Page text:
While the last people enter the room, Joanne welcomes us and starts out with her goal for today: to teach us about the risk management process used with medical devices. Joanne is a French to English translator who has worked as a project manager for the development of a novel medical device and directly with device manufacturers on translation projects, including risk analysis documents.
Why we should perform risk analysis
Clearly, all medical devices involve some degree of risk, so why do a risk analysis? First of all, it is required by law. It also offers manufacturers some protection from product liability and helps identify problems before the device is distributed. Furthermore, Joanne points out, it simply is the right thing to do.
The goal of risk analysis is not to completely eliminate the risk of a device, but to reduce the risks to acceptable levels that are “as low as reasonably possible.” This is not as easy as it seems, since a terminal cancer patient may accept a higher risk than, for example, a diabetes patient.
Risk analysis is performed during the design stage of a device before it is brought onto the market. Joanne briefly touches on the risk management standard for medical devices, ISO 14971, and the different standards in the US, Europe, and Japan, before moving on to an example.
Simulating the process
Here is how it works. The risk management process consists of several steps, including identifying and assessing risk, taking steps to reduce risk to an acceptable level, reporting, and finally gathering information during production and post-production. All this information is recorded in a risk management report.
Although clearly an expert in the field, Joanne is able to talk on a level that is accessible to a novice like me. She introduces a sample medical device to simulate the process and enlists input from the audience and help from Karen Tkaczyk, who volunteers to write the responses from the audience on a flip board, to complete the risk management spreadsheet.
Our fictional device is called “Silknee.” Silknee is a silk rope, available in different lengths, which is implanted in the knee to replace a torn knee ligament. The target market for the device is athletes with knee injuries.
The first step in the risk management process is risk analysis: what is the intended use of the device, what are the potential hazards, what is the harm done, how likely is this to happen, and what is the severity if this happens?
We already have defined the intended use of the device, so we quickly move on to identifying the hazards and determining potential hazardous situations.
What makes this session so much fun is Joanne’s ability to engage the audience. Together we brainstorm on possible potential hazards: the silk may break once implanted, it may not be sterile, the device may not be secured correctly, or a device of the wrong length may be implanted. The device may also be labeled or stored incorrectly. Joanne gives an example of a hazardous situation in which a box containing the device is delivered to a clinic here in Miami and left out in the hot sun. The exposure to high heat and humidity may cause the silk fibers to denature.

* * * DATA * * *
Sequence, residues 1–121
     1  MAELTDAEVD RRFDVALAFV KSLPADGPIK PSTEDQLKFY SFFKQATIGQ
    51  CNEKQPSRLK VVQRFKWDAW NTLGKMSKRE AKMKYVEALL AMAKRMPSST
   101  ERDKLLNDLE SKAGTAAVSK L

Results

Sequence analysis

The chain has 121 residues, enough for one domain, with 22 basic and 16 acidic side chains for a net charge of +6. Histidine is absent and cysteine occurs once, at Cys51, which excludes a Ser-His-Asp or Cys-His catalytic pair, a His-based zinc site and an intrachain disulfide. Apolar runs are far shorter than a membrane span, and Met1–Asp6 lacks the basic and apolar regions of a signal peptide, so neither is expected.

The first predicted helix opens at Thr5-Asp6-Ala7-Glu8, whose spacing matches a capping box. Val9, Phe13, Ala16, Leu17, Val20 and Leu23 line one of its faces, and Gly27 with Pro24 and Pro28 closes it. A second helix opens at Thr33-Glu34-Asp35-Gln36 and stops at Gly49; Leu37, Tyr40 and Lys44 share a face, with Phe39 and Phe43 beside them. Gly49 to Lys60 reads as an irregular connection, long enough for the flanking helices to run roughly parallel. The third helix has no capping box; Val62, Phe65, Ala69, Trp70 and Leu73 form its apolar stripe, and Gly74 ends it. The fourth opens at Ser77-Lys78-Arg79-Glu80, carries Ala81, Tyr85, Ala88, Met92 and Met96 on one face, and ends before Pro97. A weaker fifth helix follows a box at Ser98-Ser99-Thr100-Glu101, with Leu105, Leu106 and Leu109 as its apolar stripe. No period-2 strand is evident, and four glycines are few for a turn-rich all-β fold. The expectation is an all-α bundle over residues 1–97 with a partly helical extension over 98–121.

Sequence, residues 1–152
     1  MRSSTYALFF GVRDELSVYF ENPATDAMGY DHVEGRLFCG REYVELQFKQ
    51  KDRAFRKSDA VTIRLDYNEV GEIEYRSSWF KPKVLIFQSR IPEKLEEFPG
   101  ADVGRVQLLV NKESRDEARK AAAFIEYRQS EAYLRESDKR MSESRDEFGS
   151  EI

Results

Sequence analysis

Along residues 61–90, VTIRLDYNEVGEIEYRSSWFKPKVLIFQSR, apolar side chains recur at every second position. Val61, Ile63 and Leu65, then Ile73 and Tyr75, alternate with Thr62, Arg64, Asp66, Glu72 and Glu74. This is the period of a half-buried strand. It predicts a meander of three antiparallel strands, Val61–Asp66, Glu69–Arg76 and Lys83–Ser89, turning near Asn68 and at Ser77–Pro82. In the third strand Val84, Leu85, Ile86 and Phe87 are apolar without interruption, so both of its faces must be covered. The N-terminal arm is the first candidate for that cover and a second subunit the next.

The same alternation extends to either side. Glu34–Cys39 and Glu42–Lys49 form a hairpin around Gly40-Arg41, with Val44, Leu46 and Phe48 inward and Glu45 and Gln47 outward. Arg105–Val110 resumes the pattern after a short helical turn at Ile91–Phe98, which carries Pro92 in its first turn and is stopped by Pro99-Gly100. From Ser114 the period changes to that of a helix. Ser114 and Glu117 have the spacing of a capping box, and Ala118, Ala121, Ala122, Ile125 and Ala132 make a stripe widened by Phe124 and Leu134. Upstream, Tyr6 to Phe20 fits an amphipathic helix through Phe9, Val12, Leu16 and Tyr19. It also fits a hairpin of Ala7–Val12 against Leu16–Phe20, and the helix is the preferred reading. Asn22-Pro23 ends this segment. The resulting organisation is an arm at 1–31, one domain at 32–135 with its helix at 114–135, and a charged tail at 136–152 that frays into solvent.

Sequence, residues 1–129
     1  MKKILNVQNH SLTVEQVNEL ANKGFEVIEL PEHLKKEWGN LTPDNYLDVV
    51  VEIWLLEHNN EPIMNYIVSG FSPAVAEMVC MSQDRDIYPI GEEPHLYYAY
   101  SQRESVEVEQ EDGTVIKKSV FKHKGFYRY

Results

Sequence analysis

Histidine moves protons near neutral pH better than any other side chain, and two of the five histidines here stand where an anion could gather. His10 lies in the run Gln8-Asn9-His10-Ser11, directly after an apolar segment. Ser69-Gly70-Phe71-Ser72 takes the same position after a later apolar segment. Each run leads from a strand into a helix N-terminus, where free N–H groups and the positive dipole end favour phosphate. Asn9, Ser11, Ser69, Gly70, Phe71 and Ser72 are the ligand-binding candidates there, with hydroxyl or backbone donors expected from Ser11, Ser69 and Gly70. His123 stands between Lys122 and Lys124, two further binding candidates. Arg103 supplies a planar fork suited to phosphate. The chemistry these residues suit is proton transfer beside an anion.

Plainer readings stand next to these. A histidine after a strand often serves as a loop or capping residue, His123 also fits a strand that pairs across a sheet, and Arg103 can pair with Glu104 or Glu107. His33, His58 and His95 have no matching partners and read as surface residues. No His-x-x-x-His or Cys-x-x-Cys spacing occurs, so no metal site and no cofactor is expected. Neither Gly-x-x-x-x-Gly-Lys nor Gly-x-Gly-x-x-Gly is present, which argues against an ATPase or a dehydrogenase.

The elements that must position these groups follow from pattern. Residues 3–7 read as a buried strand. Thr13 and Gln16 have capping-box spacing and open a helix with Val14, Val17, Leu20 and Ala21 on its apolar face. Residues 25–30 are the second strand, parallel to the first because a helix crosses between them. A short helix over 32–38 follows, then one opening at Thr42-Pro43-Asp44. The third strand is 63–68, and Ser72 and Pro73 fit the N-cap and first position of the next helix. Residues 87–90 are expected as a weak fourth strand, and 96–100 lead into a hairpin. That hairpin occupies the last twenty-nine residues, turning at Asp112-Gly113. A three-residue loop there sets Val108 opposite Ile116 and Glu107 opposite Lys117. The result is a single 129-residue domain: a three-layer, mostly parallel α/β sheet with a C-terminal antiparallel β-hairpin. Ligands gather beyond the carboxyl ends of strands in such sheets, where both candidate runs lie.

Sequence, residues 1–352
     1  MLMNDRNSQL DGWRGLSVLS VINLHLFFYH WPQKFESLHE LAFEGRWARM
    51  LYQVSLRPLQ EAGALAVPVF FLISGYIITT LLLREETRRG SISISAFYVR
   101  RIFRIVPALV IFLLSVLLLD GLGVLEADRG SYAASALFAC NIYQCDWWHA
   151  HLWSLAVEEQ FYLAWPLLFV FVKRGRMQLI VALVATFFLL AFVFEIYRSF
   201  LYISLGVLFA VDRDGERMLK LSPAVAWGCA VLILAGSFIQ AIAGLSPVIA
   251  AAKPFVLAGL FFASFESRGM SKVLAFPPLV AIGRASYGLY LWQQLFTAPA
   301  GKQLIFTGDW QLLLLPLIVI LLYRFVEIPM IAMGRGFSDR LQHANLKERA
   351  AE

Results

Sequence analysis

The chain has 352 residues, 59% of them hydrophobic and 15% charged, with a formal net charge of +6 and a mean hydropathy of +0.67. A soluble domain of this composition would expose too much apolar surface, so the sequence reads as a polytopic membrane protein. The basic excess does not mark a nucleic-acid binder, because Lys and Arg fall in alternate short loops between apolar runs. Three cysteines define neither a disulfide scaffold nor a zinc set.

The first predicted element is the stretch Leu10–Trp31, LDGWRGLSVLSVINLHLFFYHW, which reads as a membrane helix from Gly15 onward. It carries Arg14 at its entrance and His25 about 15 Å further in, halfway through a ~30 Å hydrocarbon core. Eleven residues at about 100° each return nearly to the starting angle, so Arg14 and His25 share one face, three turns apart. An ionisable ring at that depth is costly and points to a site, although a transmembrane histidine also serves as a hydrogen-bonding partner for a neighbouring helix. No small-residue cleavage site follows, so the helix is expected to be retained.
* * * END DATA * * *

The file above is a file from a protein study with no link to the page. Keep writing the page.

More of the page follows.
After each step, Joanne takes us back to the spreadsheet and shows us the next step in the process. We now need to determine the possible harm done in each of these hazardous situations. This can be physical injury or damage to the health of the patient, or damage to the environment. In case of the forgotten box in Miami, a patient could develop an allergic reaction due to the denatured silk or the device may fail once implanted.
To estimate the risk that a scenario like this actually happens, we determine the probability, or likelihood of occurrence, and the consequences, or severity of the harm. In short, Joanne explains, the risk can be estimated using a 3x3 matrix, with three probability levels (high, medium, low) and three severity levels (significant, moderate, negligible).
With this, we have only just completed step two of the risk management process. It becomes clear to me that risk management is a comprehensive and involved process. The information is now reviewed by the manufacturer and for each identified hazardous situation, the manufacturer decides if the risk is acceptable or whether measures should be taken to control or reduce the risk.
Let’s get back to our example: using the risk matrix, we determine that the risk of denatured silk due to high humidity and heat is not acceptable. The audience quickly offers some possible risk control measures: include a temperature indicator with the shipment, require temperature controlled packaging, include silica gel desiccant, or have warnings on the outside of the box.
All risks are now considered together to define the overall residual risk. The device can only be developed if the medical benefits of its intended use outweigh this overall residual risk. For our particular example, we conclude, after a warning about storage conditions has been included on the box, that the residual risk is acceptable.
The device is now ready for production, but the manufacturer will continue to collect and review information about this and similar devices during and after production as part of the risk management process.
I am leaving the session with a general understanding of how risk management activities are used to identify potential problems before they occur. Risk management is a creative process that involves identifying, evaluating and mitigating the impact a device can have on people and the environment. The goal is to make medical devices safer by incorporating risk analysis as a standard part of the design and development. Central to this process is the ISO 14971 standard. Risk management is an involved process that clearly benefits the patient as well as the manufacturer in the long run. Thank you, Joanne, for a very informative and engaging presentation.